The FBI has found a single, whole fingerprint on the latest bottle of cyanide-loaded Extra-Strength Tylenol located in Chicago, but investigators said it does not match those of any of the suspects in the case.
The evidence in the deaths of seven Chicago-area persons who ingested Extra-Strength Tylenol capsules tainted by the poison cyanide continues to be thin.
At the same time, the side effects of the crimes -- so-called copycat poisonings -- continued yesterday with the Food and Drug Administration and news services reporting incidents in at least seven states.
The Chicago poisonings and the rash of "copycat" incidents have given the FDA's emergency operations office an extraordinary battering. Details on Page A27.
Investigators would not disclose if they had linked the fingerprint with anyone, except to say that it was not the print of any of their current suspects.
These suspects are the subject of another controversy, because Chicago police superintendent Richard Brzeczek has said there are no suspects in the case.
Illinois Attorney General Tyrone Fahner, however, has continued to refer to people sought for questioning as suspects.
An FBI spokesman said it would be extremely difficult to search the millions of fingerprints in the FBI files to try to match a print from one finger.
Matches usually can be made by using computer files only if the suspect's name is known, or if prints from a whole hand are available.
The fingerprint was found on the box containing the bottle of Extra-Strength Tylenol capsules, and could belong to any one of a number of people who handled the box legitimately.
Among the reports of copycat incidents yesterday were: a Lorain, Ohio., couple who became ill after taking Excedrin capsules contaminated with crystals of a caustic substance like that used in drain cleaners; pins being found in candy bars in Iowa, Florida and New York state, and similar incidents of mouth burns suffered by a clerk in Delaware and a grandmother in Florida who drank from bottles of Pepsi contaminated with cleansing agents.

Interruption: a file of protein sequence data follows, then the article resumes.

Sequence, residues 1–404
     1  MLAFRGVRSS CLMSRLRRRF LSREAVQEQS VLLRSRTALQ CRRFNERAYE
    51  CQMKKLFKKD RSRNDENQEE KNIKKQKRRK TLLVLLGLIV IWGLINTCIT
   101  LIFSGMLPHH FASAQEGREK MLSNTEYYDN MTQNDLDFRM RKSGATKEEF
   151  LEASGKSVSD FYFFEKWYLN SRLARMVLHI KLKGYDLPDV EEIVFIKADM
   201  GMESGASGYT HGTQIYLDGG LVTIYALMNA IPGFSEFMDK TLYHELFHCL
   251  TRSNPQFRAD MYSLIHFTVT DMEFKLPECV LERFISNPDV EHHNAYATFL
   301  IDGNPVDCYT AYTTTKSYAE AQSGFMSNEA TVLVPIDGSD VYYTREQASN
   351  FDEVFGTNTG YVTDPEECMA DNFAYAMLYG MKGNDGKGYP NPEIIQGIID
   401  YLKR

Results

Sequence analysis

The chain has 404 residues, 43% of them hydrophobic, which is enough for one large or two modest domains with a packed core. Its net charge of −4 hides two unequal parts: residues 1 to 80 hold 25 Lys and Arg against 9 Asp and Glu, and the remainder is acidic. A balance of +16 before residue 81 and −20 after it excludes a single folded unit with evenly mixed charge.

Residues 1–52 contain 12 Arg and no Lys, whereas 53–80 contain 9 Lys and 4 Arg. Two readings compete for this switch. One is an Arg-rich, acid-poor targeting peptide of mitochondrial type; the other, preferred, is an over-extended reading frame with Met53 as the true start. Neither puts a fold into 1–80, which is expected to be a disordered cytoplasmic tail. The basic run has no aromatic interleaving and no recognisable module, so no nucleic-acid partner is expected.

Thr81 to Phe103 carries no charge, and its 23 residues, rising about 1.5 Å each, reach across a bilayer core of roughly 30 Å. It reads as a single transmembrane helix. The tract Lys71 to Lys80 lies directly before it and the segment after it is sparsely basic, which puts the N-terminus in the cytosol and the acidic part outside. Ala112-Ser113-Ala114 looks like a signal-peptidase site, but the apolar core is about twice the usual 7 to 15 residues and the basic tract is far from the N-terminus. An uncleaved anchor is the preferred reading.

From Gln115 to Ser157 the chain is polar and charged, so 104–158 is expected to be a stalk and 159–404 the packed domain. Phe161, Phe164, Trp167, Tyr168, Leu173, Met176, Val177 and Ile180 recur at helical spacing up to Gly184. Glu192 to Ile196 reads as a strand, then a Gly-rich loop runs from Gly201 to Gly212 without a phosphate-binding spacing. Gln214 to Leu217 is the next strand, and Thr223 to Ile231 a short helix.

An Idaho teen-ager who turned in a container of Anacin 3 capsules contaminated with rat poison told police yesterday that she had put the poison in the pills herself.
The 17-year-old took the container to police Wednesday, saying she had found a "suspicious"-looking capsule. Eddy Jones, police chief of Blackfoot, Idaho, said the Anacin 3 was sent to Seattle for analysis by the Food and Drug Administration.
Authorities said the girl accused someone else of the tampering but later admitted she was responsible, explaining that she "hates the police," according to Jones.
Police found an earlier report of contaminated bubble gum in Colorado to be groundless.
The boys who reported being ill after eating it may have experienced "hysteria at the idea of being poisoned," and caused their own symptoms, a Colorado Health Department spokesman said.
One inmate died and a second became ill in the New Hampshire State Prison 10 days ago, and authorities now believe that cyanide mixed into illicit drugs caused the poisonings.
A spokesman for the New Hampshire attorney general's office would not elaborate on the killing, except to say that it was "not believed factually analogous to the situation in other parts of the country," where Tylenol and other non-prescription drugs have been found to be poisoned. Attorney General Gregory Smith added, "We don't think it was random poisoning," according to news service reports.
The man in Colorado who was poisoned by a mercury-loaded capsule of Extra-Strength Excedrin was said to be feeling better yesterday after surgery and transfusions, a hospital spokesman said.
But doctors were reported to have said that the man, 34-year-old William Sinkovic, still may have to undergo a kidney transplant or remain on dialysis for the rest of his life.